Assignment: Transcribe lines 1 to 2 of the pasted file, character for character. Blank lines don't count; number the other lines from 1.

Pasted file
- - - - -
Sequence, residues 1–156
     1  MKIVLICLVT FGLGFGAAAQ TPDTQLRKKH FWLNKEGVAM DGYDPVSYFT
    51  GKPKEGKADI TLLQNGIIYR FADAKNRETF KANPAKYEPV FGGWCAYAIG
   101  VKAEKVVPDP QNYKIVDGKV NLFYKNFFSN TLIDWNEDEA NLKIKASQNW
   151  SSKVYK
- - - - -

Sequence, residues 1–156
     1  MKIVLICLVT FGLGFGAAAQ TPDTQLRKKH FWLNKEGVAM DGYDPVSYFT